Sinampalukang Manok

Sinampalukang Manok
Sinampalukang Manok, Chicken in Tamarind Flowers and Young Leaves. Compared to chicken sinigang that is soured with tamarind fruit, this dish has a milder sourness which is just perfect with the chicken. It gives also a distinct milky broth that is so comporting to sip or it's so perfect to place in your hot rice. This dish is most likely that you have just heard off or seldom have it unless you are from the province or countryside when the tamarind trees are in bloom. Occasionally tamarind flowers and young leaves can be found in Metro Manila vegetable markets when they are in season. Now if you happen to chance upon it at your vegetable market and craving for sinampalukang manok here is a very simple way to cook it.

Ingredients:

Tamarind Flowers

1 kilo chicken, chopped to serving pieces
2 to 3 cups, tamarind flowers and young buds
2 medium size onion, quartered
1 bundle sitaw, cut into 2” length
3 pieces eggplant, cut into wedges
1 bundle okra, cut into halves crosswise
salt

Cooking procedure:


Sinampalukang Manok - Cooking Procedure

Wash chicken thoroughly. In a large pot, boil 6-8 cups of water, Add onion, tamarind flowers and young buds then simmer for 2 to 3 minutes. Add in chicken and continue simmering for 15 to 20 minutes or until chicken is tender. Remove scum that rises. Season with salt to taste. Add in vegetables and, cook for another 2 to 3 minutes or until vegetables are just cooked but firm. Serve hot.

12 comments:

Kai said...

We have a tamarind tree where I live, but I also see young leaves in the market these days. I once cooked sinampalukang manok with the leaves, but also with the fruit. I didn't know that the leaves can be enough on their own. I'll try this recipe. I also had an excellent beef stew with tamarind leaves in Cabanatuan before.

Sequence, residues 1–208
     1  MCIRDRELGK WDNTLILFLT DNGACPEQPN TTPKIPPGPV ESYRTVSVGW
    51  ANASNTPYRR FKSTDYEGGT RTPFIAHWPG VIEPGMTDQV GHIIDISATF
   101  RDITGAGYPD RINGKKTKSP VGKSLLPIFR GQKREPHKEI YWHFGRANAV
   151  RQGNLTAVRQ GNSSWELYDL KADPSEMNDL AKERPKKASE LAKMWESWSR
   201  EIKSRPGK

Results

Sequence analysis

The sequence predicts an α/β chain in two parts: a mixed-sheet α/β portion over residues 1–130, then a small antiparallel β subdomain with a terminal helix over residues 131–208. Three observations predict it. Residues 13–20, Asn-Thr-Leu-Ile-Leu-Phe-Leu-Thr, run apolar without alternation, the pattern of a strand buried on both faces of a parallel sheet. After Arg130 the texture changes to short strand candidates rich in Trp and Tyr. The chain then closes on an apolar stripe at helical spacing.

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ut-man said...

kai, Using the young leaves and flowers alone will give your broth a slight sourness only compared to the regular sinigang, but if you prefer a really sour broth you could use more quantity or in addition the fruits as you mentioned. If your don’t want all those leaves floating in the broth, boil them separately and filter them out using a sieve or cheese cloth

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Hot Momma said...

Hello, po! Ano pong ulam ngayon? he he he!

this dish is surely a winner among Pinoys.

anyway po, please do check out my blog as I tagged you there. thanks po!

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ut-man said...

hello hot momma,
LOL...
thanks for the tag...

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mel said...

we recently vacationed in Alaska and brought in Red Salmon and I'm going to try it with sampaloc leaves. My mouth is already watering just thinking about it. I will let you know the outcome later!

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Anonymous said...

alternatives for tamarind leaves

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ut-man said...

To Anonymous, Just use the sampalok (tamarind)sinigang mix if its not available in your location.

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Anonymous said...

hi,

if il put sinigang mix instead of tamarind flowers,is it means ill pour on the sinigang along the onion or il do it after..

tenx..

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ut-man said...

Add the mix towards the end of cooking.

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Anonymous said...

Yummy! one of my favorite dish.

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Anonymous said...

ok tong site na to kaso sana magtagalog ka na lang, sablay ang english mo e - mang mags

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ut-man said...

Salamat po mang Mags,
Pasensya ka na sa English ko, sinabi ko na rin sa maraming pagkakataon na talagang mahina ako sa grammar. English kasi ang gamit ko para mas marami tayong maabot at matulongan magluto. Mas importante po sa aking ang maishare ang kunting kaalaman natin sa pagluluto...

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